Image: Sandi Leibovici; “Galaxy”; Design courtesy of Ann Logan; image courtesy of Torah Stitch by Stitch.
What started as a community project "that might attract a few participants" is on its way to creating one of the largest tapestries in the world.
Textile artist Temma Gentles was in residence at Holy Blossom Temple in Toronto when she started Torah Stitch by Stitch, a group project to cross stitch verses from the bible. Six years later, the group has grown to a global community of 1,500 volunteers of multiple faiths, from 28 countries – and counting.
Part of the group’s output – about 150 feet of tapestry – is now on show at The Textile Museum of Canada. The exhibition features the books of Genesis, Exodus, and the last half of Deuteronomy. Included alongside the completed books are embroidered selections from the New Testament and the Qur’an that reflect on the theme of creation in the texts’ respective original languages, placing the Torah in dialogue with the other Abrahamic faiths.
Rona Kosansky; Design courtesy of Ann Logan; image courtesy of Torah Stitch by Stitch.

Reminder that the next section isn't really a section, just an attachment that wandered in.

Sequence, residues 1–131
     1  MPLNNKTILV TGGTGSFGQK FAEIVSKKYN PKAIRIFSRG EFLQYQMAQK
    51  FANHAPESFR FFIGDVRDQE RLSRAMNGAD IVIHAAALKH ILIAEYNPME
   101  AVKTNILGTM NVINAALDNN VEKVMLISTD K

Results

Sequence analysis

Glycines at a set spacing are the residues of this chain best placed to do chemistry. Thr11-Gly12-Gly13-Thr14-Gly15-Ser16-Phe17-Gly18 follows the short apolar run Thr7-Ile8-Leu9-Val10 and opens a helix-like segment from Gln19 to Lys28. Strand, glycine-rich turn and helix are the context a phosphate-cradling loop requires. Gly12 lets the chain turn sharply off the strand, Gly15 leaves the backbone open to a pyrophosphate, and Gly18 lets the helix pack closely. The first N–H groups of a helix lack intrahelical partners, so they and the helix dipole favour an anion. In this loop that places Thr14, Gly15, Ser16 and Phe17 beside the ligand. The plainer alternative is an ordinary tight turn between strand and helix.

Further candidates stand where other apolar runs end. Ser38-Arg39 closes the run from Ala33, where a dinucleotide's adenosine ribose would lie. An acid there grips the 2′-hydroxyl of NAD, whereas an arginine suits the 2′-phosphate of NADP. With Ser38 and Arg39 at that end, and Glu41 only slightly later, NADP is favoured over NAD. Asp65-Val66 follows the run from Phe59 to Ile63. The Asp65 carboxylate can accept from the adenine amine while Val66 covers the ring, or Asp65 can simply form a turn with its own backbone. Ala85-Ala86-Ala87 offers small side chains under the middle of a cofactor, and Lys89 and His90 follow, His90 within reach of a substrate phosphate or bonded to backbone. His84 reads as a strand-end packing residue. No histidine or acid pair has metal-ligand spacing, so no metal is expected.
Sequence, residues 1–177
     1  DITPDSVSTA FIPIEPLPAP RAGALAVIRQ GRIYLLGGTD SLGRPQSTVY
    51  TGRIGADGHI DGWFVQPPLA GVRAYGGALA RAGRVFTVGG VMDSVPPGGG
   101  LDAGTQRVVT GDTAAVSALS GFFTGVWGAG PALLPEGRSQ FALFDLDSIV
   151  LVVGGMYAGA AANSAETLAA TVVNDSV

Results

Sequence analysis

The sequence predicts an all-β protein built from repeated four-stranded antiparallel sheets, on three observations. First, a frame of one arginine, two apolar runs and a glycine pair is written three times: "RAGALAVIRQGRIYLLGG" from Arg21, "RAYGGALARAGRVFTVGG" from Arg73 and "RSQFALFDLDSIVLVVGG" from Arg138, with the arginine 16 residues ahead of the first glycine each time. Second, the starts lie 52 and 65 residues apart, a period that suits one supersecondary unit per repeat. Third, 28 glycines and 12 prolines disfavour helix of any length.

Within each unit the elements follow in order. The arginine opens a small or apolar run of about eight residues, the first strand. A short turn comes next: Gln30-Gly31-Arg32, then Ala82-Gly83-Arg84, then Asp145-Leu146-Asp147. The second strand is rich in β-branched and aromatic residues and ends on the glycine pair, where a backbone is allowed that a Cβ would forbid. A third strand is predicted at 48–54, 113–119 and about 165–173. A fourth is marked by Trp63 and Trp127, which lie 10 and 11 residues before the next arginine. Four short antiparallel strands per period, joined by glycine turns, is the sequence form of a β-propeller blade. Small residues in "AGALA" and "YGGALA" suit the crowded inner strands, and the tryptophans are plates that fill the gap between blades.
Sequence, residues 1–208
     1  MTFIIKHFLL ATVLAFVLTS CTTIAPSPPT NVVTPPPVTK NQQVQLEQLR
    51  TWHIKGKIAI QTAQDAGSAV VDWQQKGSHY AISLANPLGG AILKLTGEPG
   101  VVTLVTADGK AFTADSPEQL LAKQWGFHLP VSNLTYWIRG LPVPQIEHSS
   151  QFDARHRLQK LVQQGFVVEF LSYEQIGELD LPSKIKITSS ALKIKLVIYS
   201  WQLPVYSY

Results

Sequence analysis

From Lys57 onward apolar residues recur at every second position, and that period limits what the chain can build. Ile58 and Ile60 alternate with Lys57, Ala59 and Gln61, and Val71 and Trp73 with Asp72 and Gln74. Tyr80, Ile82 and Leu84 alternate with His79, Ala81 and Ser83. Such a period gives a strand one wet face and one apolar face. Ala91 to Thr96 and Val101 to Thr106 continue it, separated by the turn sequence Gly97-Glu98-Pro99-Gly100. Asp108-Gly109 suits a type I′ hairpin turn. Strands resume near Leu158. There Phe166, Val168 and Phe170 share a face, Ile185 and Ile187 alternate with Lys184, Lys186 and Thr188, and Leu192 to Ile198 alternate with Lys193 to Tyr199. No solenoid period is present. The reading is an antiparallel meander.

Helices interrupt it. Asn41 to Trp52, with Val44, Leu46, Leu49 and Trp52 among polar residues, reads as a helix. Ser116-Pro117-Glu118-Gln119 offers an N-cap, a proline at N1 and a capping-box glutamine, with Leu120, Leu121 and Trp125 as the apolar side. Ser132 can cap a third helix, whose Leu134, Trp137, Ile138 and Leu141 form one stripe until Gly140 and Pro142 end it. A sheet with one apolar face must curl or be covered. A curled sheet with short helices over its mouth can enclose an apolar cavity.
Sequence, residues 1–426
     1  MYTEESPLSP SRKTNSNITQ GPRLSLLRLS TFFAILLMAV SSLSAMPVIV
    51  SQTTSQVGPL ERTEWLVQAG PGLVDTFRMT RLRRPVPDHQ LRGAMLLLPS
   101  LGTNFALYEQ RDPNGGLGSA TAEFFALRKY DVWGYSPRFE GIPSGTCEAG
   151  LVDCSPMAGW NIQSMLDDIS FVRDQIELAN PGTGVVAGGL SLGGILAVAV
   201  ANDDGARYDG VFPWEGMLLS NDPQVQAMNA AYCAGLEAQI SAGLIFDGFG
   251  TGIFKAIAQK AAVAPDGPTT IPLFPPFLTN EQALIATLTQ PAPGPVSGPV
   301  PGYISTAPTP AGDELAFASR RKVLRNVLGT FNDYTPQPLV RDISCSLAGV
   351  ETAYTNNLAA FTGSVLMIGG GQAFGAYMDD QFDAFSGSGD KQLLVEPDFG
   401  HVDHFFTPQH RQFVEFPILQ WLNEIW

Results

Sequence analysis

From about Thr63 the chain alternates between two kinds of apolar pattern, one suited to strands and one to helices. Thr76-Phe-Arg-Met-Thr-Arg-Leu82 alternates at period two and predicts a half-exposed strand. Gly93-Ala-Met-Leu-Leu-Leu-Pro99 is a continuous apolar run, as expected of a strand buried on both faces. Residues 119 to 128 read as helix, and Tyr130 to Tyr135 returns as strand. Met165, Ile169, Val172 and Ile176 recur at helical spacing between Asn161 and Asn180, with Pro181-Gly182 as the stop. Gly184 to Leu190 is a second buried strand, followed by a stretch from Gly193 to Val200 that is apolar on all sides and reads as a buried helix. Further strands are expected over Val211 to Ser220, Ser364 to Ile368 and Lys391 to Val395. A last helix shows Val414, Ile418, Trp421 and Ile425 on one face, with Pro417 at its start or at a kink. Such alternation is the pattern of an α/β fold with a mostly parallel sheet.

Visitors to the Textile Museum will journey through over 900 cross-stitched panels in three languages (Hebrew, Greek, and Arabic). The sections of verse are complemented by illuminations and embellishments created by many stitchers, both novice and expert, some religious, some secular. Their interpretation of these ancient narratives creates contemplative, contemporary expressions through word and image.
Temma expects the project to be completed in 2021: “We intend to assemble all five books of Torah and to travel the installation to museums and cultural centres, first in North America, and then internationally, reaching many audiences who have no idea that the words and ideas of this magnificent text underpin, not just three religions, but the literature and culture of the western world.”
Linda Morganstein; Image courtesy of Torah Stitch by Stitch.
Tapestry of Spirit: The Torah Stitch by Stitch Project at Textile Museum of Canada, until 17 November. For more information about the project, visit Torah Stitch by Stitch
Blog post by Kate Grinnell